The International Journal
of Not-for-Profit Law
Volume 6, Issue 4, September 2004
By Janine A. Clark
Reviewed by Amani Kandil*
This book is divided in five chapters. The first chapter links Islamic social institutions, social movement theory, and the middle class. The second discusses Islamic medical clinics in Cairo, relating them to the middle class. The third chapter focuses on the case of Jordan and the Islamic Center Charity Society. The fourth presents the case of the Islah Charitable Society in Yemen, with a special emphasis on women’s social networks. Finally, the last chapter examines the significance of being middle class.
This book originated in a Ph.D. thesis on Egypt, and then was expanded to incorporate case studies of Yemen and Jordan as well. Its main concern is Islamic social institutions and their institutional and social networks. Information was gathered in the 1990s, through interviews (sometimes open-ended and sometimes using questionnaires), observation, and field visits.
It is important to indicate that the writer considers as “Islamic clinics” those clinics located in mosques or mosque complexes. As a researcher I believe that this criterion needs clarification. In many cases, the mosque is no more than a suitable place to provide health service to the poor and the middle classes, during a time in which the Egyptian state gave up subsidizing the health sector.
The author believes that social movement organizations are embedded in horizontal networks connecting largely homogenous circles of friends together. According to social movement theory, these social networks are pivotal to movement participation and recruitment. The networks can expand to include horizontal ties between like-minded and generally homogenous people, producing social networks.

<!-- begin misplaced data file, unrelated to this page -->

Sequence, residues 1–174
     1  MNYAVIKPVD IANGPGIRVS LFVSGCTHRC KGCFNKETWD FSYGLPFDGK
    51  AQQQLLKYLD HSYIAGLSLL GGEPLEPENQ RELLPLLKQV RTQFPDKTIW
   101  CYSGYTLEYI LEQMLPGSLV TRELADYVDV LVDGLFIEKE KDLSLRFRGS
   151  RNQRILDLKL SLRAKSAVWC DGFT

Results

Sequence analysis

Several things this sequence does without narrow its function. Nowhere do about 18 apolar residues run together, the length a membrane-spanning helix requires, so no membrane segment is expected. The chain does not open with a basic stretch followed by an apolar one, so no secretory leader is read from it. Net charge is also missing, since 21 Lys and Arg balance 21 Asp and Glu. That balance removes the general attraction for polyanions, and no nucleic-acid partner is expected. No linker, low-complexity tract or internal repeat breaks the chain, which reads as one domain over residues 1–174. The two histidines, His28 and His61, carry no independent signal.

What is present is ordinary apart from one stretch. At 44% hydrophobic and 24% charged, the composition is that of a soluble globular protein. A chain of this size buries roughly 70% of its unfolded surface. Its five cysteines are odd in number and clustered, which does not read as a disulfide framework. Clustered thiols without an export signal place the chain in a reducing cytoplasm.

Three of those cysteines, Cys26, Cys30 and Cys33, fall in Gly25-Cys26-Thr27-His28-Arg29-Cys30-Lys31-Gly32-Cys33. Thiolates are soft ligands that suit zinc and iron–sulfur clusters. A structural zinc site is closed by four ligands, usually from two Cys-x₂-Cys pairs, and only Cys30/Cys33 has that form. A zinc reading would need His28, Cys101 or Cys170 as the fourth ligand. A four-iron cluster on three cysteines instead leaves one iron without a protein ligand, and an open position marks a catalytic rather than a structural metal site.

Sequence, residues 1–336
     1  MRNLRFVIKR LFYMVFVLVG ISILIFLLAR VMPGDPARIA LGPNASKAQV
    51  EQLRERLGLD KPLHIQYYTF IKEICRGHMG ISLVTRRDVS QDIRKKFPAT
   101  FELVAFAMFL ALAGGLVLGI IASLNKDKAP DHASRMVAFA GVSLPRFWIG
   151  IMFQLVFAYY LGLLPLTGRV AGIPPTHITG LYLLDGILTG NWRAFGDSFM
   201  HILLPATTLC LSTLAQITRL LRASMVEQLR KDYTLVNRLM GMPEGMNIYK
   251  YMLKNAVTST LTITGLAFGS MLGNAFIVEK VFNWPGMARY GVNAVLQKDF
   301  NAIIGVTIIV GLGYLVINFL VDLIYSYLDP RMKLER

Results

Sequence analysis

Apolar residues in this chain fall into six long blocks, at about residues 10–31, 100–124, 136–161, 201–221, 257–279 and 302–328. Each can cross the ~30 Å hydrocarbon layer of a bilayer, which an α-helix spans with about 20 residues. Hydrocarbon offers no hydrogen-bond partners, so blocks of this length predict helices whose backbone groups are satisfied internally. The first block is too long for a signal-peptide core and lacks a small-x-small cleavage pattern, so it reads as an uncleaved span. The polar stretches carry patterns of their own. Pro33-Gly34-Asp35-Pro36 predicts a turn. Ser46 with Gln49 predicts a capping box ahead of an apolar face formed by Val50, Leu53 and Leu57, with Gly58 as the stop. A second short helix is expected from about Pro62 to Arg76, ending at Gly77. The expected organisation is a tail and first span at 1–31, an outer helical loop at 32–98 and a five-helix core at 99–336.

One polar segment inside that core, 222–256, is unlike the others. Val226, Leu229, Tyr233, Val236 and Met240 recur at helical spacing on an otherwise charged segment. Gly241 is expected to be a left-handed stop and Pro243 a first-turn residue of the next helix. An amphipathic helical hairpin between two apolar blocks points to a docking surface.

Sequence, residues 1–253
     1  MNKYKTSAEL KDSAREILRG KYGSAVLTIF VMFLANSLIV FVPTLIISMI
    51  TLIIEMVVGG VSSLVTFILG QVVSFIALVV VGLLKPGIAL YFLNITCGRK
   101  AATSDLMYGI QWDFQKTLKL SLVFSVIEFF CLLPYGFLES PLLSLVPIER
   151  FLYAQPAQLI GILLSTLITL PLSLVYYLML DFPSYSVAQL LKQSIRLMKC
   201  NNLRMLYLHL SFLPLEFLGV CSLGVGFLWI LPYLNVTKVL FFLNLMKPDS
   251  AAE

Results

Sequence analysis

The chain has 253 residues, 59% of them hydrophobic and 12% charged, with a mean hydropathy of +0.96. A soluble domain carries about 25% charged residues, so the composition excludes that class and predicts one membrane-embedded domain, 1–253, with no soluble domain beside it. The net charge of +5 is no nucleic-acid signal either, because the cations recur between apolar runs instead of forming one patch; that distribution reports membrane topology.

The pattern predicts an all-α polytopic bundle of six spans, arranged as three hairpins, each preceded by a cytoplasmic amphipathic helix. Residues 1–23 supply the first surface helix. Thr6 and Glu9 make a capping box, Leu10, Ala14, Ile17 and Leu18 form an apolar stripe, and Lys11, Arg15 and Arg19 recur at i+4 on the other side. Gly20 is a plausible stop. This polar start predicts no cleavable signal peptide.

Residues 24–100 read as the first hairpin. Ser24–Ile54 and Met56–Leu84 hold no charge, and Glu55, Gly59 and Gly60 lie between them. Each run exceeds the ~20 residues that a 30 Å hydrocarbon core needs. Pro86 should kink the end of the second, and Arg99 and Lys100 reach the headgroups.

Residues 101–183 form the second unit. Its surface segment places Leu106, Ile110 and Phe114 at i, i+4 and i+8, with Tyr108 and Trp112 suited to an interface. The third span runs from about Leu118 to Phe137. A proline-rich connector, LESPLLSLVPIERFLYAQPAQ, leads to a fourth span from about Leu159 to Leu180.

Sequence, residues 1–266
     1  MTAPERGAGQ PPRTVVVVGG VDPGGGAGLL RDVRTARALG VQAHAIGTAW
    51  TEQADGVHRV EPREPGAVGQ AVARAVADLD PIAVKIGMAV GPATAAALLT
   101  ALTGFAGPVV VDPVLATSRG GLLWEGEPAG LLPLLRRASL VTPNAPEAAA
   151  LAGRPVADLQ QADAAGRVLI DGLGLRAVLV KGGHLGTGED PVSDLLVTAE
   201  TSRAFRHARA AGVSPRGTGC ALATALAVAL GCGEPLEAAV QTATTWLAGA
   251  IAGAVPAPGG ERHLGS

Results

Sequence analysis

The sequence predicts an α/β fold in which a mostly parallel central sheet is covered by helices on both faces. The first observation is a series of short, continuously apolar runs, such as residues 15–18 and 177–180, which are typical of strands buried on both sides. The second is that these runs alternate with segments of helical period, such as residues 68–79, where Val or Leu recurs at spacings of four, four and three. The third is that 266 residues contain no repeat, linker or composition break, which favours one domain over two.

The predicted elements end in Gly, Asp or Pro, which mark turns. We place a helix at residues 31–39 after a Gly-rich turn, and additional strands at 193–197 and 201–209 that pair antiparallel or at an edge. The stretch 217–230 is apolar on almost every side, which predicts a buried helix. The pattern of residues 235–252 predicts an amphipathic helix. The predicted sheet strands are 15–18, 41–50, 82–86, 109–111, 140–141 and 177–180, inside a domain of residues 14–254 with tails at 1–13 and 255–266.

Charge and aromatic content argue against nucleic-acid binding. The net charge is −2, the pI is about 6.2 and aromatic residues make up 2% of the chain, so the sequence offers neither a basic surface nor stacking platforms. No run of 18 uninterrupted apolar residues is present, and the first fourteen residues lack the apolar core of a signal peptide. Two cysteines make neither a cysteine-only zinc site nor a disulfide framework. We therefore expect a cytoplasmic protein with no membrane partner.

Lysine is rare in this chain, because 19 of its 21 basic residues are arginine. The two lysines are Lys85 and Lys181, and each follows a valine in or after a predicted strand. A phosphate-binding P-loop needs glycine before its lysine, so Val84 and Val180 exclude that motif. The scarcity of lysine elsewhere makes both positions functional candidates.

The book examines why and how Islamic social institutions establish middle-class ties, as well as the political significance of these institutions and their middle-class networks. The author employs social movement theory not only as a means of understanding the dynamics of Islamic movements but also as an attempt to contribute to the body of theory on social movements.
The book argues that Islamic social institutions are run by and for the middle class. As a consequence of both the operational dictates of the institutions and of the instrumental needs of the Islamic movement of which the institutions are a part, Islamic social institutions cater to and benefit the educated, professional middle class. This leads the writer to assert that Islamic social institutions play an important role in strengthening the horizontal networks binding middle-class doctors, directors, donors, volunteers, patients, and clients. Ties of trust, solidarity, and networks develop along these horizontal lines, indirectly leading to the development of new social networks and, potentially, the diffusion of new ideas.
* Amani Kandil is executive director of the Arab Network for NGOs in Cairo.